The election was one of the most controversial in American history. Prior to his announcement that he would be running in the 2000 election, Gore participated in a March 9, 1999, interview for CNN's Late Edition with Wolf Blitzer. Gore stated in the interview, "During my service in the United States Congress I took the initiative in creating the internet. I took the initiative in moving forward a whole range of initiatives that have proven to be important to our country's economic growth and environmental protection, improvements in our educational system." Former UCLA professor of information studies, Philip E. Agre and journalist Eric Boehlert both argue that three articles in Wired News led to the creation of the spread urban legend that Gore claimed to have "invented the Internet," which followed this interview; this urban legend became "an automatic laugh. Jay Leno, David Letterman, or any other comedic talent can crack a joke about Al Gore'inventing the Internet,' and the audience is to respond with howls of laughter."In response to the controversy, Vint Cerf and Bob Kahn argued that they didn't think, "as some people have argued, that Gore intended to claim he'invented' the Internet.
Moreover, there is no question in our minds that while serving as Senator, Gore's initiatives had a significant and beneficial effect on the still-evolving Internet."Gore would poke fun at the controversy on the Late Show with David Letterman when he read Letterman's Top 10 List, which for this show was called, "Top Ten Rejected Gore - Lieberman Campaign Slogans." Number nine on the list was: "Remember, America, I gave you the Internet, I can take it away!" A few years on June 6, 2005, Gore was awarded the Lifetime Achievement Award "for three decades of contributions to the Internet" at the Webby Awards. There was talk of a potential run for president by Gore as early as January 1998. Gore formally announced his candidacy for president on June 1999, in Carthage, Tennessee, he was introduced by his eldest daughter, Karenna Gore, pregnant at the time with her first child. The speech was "briefly interrupted" by AIDS protesters claiming Gore was working with the pharmaceutical industry to prevent access to generic medicines for poor nations.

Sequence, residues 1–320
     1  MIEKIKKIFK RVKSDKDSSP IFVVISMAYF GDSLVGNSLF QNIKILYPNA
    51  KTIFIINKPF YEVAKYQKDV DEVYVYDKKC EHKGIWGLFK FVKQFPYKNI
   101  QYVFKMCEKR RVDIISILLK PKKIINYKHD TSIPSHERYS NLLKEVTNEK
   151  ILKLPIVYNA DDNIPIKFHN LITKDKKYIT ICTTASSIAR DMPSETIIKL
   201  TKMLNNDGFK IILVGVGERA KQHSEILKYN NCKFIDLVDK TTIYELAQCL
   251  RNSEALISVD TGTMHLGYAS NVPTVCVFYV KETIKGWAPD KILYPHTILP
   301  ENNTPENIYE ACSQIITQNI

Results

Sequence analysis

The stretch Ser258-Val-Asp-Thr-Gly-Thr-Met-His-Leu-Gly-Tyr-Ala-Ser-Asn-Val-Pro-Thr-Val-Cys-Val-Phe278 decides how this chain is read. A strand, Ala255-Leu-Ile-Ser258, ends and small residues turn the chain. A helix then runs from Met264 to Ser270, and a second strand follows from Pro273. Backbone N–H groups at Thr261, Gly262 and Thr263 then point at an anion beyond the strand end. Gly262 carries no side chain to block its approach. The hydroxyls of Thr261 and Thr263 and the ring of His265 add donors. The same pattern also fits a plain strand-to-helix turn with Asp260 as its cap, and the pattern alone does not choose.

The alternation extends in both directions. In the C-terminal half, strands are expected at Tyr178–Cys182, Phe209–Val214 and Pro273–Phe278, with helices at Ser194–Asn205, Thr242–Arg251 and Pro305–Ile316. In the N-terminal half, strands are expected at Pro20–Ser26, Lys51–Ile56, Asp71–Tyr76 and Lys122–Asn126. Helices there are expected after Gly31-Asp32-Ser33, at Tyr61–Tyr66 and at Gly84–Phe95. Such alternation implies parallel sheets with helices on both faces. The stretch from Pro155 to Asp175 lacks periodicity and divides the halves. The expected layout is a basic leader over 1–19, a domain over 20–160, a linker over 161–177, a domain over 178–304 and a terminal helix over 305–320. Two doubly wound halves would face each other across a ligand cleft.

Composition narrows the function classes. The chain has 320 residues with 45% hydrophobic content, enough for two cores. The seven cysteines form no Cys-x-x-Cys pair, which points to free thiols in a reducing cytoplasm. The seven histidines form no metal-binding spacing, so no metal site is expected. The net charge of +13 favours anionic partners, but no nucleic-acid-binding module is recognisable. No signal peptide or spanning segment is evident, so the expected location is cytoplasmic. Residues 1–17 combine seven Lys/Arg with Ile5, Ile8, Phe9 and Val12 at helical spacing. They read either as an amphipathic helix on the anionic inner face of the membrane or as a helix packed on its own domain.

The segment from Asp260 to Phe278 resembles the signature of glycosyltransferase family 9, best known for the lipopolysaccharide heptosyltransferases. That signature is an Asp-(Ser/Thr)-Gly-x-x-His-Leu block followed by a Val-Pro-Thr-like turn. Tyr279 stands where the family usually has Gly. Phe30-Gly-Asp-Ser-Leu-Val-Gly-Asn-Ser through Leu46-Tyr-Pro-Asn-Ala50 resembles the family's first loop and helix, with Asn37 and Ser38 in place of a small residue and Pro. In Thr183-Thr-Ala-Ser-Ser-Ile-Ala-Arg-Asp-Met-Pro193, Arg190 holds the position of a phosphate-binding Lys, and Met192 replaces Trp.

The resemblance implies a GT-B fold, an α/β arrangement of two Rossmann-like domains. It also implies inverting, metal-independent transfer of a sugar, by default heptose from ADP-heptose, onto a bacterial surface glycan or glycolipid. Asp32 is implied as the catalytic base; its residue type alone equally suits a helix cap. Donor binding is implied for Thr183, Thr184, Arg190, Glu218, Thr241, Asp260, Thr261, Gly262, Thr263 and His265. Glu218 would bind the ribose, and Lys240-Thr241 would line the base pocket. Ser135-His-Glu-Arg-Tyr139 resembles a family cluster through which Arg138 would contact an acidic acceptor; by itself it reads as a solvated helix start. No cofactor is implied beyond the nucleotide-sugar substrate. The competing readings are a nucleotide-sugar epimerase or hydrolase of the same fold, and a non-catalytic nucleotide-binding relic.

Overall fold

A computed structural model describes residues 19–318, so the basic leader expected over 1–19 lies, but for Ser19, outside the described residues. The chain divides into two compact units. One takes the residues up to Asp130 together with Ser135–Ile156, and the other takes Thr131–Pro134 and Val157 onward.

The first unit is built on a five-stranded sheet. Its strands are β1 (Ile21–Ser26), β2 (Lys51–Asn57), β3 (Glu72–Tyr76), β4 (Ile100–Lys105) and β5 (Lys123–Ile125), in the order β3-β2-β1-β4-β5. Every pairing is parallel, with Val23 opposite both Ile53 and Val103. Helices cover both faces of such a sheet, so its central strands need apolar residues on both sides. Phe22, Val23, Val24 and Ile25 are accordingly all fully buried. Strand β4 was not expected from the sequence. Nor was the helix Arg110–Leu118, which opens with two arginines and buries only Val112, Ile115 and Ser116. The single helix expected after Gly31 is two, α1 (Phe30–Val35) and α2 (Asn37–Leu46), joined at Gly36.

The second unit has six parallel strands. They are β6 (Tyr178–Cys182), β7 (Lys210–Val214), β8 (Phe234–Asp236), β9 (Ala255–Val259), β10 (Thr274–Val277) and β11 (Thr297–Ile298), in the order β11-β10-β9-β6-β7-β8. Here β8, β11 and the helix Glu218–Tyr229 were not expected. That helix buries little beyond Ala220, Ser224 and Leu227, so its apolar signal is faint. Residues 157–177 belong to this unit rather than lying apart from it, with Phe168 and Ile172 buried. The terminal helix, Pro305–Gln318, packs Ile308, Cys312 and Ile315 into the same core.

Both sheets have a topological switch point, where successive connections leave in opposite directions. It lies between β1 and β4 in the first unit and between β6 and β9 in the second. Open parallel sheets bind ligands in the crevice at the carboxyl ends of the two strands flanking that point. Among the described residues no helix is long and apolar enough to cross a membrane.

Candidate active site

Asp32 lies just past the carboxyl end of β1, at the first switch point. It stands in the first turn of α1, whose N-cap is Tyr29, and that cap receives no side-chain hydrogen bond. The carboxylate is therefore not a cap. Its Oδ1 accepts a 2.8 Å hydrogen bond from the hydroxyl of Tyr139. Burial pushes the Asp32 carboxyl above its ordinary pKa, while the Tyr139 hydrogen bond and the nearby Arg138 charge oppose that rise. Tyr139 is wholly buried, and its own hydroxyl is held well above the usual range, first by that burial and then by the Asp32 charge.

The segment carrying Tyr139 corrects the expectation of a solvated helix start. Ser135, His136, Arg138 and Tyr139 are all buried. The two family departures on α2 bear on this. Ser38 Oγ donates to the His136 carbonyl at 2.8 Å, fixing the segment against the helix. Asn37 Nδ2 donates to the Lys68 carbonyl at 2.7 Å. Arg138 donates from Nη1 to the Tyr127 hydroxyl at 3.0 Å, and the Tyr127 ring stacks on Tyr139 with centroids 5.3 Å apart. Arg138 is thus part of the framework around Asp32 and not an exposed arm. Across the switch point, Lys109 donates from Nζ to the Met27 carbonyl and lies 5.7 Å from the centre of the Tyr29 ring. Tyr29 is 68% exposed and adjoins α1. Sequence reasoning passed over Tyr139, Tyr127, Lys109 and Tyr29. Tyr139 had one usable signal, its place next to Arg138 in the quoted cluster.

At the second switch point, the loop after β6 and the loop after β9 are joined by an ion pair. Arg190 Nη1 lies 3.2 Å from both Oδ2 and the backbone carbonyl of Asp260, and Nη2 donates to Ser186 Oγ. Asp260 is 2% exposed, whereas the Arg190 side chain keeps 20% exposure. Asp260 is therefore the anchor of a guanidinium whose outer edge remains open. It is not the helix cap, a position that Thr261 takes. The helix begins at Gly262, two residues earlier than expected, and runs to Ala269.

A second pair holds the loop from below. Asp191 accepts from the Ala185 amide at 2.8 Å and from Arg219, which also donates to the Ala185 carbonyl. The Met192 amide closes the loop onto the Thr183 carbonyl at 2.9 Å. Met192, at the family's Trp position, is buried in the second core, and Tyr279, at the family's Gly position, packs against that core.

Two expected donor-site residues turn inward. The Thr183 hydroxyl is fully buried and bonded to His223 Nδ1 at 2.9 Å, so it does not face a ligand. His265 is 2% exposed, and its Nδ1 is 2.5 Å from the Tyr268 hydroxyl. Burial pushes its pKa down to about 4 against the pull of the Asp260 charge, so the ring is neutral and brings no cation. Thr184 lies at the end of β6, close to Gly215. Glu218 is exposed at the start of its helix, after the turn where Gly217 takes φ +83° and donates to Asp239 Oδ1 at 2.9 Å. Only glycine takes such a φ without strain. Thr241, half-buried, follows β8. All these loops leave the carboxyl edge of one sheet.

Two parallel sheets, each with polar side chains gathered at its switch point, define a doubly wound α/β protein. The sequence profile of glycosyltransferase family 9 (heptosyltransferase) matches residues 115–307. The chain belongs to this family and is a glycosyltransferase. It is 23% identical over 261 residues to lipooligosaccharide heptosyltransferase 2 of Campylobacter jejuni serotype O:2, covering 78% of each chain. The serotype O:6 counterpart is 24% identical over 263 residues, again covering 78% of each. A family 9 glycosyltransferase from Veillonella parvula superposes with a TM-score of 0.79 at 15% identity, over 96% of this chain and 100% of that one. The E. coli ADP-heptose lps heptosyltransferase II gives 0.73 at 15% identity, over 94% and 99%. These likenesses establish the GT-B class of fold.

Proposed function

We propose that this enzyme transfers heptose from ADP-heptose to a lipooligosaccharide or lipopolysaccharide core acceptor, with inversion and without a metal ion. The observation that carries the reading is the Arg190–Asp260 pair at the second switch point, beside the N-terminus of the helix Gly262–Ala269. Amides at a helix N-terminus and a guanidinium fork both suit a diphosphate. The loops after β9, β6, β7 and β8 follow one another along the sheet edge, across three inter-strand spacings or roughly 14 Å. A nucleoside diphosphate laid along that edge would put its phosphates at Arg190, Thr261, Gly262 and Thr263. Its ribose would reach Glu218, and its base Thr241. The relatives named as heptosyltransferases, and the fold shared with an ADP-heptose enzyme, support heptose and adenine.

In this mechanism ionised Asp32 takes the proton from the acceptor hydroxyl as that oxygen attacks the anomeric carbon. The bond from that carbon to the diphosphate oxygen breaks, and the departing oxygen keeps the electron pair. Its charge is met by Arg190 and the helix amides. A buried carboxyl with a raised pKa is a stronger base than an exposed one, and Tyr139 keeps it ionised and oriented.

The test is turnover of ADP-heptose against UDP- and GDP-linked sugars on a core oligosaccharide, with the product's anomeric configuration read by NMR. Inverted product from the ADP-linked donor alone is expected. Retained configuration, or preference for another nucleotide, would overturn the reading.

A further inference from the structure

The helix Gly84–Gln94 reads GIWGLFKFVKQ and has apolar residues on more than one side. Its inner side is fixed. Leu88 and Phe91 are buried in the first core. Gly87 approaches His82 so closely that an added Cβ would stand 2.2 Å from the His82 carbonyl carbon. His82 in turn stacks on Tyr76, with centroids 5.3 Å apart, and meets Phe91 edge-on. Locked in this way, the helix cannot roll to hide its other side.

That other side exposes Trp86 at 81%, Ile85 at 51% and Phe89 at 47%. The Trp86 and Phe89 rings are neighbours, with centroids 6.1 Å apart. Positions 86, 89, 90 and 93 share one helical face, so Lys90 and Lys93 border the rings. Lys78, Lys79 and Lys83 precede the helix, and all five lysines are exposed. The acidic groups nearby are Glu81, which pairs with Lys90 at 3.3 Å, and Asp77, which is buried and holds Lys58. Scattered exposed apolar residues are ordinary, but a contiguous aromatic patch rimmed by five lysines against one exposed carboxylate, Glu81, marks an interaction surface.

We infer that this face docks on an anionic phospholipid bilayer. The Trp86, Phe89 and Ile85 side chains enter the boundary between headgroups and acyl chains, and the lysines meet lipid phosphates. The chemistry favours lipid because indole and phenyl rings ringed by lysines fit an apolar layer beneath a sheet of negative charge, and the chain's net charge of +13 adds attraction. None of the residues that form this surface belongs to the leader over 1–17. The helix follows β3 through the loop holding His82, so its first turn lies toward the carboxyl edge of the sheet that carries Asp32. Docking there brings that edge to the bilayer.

Additional speeches were interrupted by the protesters. Gore responded, "I love this country. I love the First Amendment Let me say in response to those who may have chosen an inappropriate way to make their point, that the crisis of AIDS in Africa is one that should command the attention of people in the United States and around the world." In making the announcement, Gore distanced himself from Bill Clinton, whom he stated had lied to him. In an interview for 20/20 Gore stated, "What he did was inexcusable, as a father, I felt that it was wrong." Gore faced an early challenge by former New Jersey senator Bill Bradley. Bradley was the only candidate to oppose Gore and was considered a "fresh face" for the White House." Bradley, in comparing himself with the current administration, argued that "One of the reasons I'm running for president is to restore trust and public service and confidence in our collective will." By the fall of 1999, a number of polls showed Bradley running with the Vice President in key primary states."